Abandoning e-voting and what Labour is really proposing in the Lords: posts of the week

Welcome to my weekly round-up of two blogging highlights from the past week: the post that I found most interesting or enjoyable to write and the post from someone else that I found most interesting or entertaining.

A post from me…

E-voting: why it was abandoned in the UK

Back in the early years of this century, the UK was at the forefront of testing out e-voting for public elections. An extensive series of pilots were held and then … e-voting fell out of favour, because the pilots were not a success for a wide range of reasons. The issue still keeps on popping up, so having recently come across again what I wrote back in 2003 about those pilots, those lessons are worth restating.

Read the full post here.

… and a post from someone else

Labour peers must stop playing games – Paul Tyler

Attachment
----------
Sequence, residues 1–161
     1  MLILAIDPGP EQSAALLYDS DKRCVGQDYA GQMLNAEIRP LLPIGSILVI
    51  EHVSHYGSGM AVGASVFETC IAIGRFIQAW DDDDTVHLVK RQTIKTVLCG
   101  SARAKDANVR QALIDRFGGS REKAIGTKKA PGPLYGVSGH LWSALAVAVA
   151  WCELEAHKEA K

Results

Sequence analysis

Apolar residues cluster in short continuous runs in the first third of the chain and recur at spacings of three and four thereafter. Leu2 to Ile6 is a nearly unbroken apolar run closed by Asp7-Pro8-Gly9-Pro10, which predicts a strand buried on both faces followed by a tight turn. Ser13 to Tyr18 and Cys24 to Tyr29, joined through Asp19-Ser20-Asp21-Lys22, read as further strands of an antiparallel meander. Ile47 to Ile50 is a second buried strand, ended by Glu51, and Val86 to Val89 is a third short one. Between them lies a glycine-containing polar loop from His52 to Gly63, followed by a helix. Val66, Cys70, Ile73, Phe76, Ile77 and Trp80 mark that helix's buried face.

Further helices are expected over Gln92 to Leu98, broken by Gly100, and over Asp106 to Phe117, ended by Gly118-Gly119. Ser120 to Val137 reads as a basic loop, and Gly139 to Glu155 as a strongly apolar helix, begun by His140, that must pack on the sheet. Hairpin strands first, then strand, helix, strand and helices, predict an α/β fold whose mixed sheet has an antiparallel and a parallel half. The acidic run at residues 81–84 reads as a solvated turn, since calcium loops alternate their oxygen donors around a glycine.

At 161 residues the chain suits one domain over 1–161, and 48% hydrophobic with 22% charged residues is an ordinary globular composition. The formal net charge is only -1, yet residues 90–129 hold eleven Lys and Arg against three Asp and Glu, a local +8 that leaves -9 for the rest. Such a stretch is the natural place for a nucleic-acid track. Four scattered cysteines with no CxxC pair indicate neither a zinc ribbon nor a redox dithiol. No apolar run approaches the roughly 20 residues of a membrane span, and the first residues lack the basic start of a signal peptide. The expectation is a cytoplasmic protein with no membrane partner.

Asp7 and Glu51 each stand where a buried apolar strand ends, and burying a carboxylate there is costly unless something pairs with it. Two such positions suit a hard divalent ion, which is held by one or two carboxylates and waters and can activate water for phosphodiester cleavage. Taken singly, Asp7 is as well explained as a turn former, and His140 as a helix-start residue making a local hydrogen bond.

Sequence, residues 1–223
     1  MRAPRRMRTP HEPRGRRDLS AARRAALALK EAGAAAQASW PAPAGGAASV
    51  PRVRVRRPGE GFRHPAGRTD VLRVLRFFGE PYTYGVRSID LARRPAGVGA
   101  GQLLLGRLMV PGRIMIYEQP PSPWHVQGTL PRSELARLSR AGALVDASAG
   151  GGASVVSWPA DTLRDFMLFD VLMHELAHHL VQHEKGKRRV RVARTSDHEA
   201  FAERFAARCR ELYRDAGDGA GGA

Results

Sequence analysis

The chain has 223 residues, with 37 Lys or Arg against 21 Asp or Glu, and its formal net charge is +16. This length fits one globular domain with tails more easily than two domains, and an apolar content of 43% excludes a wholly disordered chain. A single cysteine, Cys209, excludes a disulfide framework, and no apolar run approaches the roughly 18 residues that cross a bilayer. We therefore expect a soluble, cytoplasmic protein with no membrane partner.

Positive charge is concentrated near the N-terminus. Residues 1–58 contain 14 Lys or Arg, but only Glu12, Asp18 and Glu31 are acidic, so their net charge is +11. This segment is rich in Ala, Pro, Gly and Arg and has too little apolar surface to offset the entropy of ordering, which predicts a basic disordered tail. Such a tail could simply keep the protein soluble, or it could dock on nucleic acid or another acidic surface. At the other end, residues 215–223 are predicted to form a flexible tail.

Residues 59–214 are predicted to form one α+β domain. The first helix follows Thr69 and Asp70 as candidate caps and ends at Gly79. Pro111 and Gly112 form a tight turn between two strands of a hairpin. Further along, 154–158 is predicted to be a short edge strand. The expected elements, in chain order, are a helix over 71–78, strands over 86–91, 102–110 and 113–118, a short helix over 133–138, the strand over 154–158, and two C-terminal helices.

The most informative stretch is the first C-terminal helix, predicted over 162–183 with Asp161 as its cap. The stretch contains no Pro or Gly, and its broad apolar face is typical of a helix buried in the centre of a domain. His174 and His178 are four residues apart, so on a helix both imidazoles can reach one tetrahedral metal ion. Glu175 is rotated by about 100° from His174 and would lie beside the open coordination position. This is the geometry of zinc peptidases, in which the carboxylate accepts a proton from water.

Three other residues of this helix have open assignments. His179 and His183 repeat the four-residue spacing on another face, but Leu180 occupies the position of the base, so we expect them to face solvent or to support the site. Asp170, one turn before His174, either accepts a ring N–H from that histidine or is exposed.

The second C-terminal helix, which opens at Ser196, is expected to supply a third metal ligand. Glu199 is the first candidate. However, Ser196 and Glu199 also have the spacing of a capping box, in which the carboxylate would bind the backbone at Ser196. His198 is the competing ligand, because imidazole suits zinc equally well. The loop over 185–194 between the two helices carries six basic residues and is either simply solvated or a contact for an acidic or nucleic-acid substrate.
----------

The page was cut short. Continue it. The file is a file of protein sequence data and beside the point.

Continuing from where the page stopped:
LibDem peer Paul Tyler had an excellent article over on Comment is Free about just how ridiculous some of Labour’s time-wasting antics in the House of Lords are:

Alongside the pointless, pompous speeches are the absurd amendments to which they ostensibly relate. One peer wants EU citizens to vote in the referendum, which is about general elections, even though they are not entitled to vote in general elections. A second wants to ban everyone from voting when the referendum comes, unless and until peers are given the right to vote in general elections – a suggestion that is self-serving and potty in equal measure. Another peer wants the bill to come into force only if the House of Commons grows larger than the House of Lords. Since the latter has more than 800 members, that is clearly a ridiculous proposition. And in every instance, the movers know they are being ridiculous, and delight in it.

Read the full article from Paul Tyler here.

Spotted any other great posts this week that I may have missed? Let me know in the comments.

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